Varicose Veins from Your Pregnancy

By Joanne Stone, Keith Eddleman, Mary Duenwald

You may notice that a small road map has suddenly appeared on your lower legs (and sometimes the vulvar area). These marks are dilated veins, referred to as varicose veins. The pressure of the uterus on major blood vessels — the inferior vena cava (the vein that returns blood to the heart) and the pelvic veins, in particular — causes them.

Pregnancy also causes the muscle tissue inside your veins to relax and your blood volume to increase, and these conditions add to the problem. Women with light skin or with a family history of varicose veins are particularly susceptible.

Very often, the bluish-purple highways fade after delivery, but sometimes they don’t disappear completely. They’re most often painless, but occasionally they may be associated with discomfort, achiness, or pain.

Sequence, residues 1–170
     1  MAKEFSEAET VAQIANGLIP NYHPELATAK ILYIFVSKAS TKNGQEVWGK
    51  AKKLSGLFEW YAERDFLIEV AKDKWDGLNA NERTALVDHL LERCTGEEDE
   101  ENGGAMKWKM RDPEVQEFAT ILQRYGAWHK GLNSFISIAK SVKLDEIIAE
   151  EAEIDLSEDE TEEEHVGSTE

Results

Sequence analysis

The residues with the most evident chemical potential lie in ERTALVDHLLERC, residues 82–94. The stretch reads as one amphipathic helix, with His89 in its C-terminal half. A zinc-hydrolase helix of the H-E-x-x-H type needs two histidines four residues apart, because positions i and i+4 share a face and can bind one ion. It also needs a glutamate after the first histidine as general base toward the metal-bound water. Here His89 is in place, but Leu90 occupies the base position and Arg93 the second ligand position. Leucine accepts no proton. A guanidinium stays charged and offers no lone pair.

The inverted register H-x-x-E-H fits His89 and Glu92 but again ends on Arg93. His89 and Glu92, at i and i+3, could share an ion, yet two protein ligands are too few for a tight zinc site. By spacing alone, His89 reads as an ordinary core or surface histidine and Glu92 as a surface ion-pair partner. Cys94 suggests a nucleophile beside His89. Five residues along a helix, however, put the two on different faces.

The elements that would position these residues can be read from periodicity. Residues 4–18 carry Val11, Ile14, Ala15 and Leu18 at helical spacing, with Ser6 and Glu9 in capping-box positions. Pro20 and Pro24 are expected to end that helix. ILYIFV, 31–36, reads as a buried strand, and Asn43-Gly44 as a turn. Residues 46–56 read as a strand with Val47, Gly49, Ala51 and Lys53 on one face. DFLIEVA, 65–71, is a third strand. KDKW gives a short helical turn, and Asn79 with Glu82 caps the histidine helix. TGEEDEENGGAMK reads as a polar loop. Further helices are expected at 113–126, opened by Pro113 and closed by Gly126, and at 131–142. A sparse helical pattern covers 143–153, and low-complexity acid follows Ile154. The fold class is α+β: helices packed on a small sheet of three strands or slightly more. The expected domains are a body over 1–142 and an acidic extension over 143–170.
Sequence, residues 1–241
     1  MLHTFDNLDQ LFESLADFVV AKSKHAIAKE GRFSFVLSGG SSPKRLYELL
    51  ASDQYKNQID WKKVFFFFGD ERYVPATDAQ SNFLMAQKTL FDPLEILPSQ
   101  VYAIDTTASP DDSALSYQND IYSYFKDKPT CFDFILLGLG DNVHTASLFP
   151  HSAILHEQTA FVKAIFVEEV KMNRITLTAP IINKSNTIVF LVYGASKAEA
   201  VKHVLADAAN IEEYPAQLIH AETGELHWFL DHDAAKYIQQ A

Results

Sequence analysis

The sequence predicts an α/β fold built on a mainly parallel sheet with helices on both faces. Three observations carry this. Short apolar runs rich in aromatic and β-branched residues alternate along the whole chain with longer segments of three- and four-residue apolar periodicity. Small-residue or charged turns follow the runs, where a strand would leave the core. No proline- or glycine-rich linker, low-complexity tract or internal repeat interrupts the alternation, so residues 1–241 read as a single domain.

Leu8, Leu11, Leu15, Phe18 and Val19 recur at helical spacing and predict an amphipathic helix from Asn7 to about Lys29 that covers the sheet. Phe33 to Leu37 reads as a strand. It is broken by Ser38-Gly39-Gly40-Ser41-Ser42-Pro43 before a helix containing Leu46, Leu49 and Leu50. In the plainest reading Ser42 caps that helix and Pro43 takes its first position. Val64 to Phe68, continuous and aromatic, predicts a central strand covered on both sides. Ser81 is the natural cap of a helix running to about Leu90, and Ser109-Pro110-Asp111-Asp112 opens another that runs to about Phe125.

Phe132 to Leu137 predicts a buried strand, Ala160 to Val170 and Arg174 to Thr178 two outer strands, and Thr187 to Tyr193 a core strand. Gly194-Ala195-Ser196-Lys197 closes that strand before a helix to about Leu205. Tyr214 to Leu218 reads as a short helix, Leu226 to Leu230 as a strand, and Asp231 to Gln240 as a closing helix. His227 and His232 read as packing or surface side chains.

In rare instances, a blood clot develops in the superficial veins of the legs. This condition, called superficial thrombophlebitis, isn’t a serious problem; it’s often successfully treated with rest, leg elevation, warm compresses, and special stockings. A clot that forms in the deep veins of the leg is more serious.

You can’t prevent varicose veins — you can’t fight heredity — but you can reduce their number and severity by following these tips:

  • Avoid standing for prolonged periods of time.

  • Avoid wearing clothes that are very tight around one part of your leg, like socks with tight elastic; which has a tourniquet-like effect.

  • If you must be relatively stationary, move your legs around from time to time to stimulate circulation.

  • Keep your legs elevated whenever you can.

  • Wear support stockings or talk to your doctor about a prescription for special elastic stockings.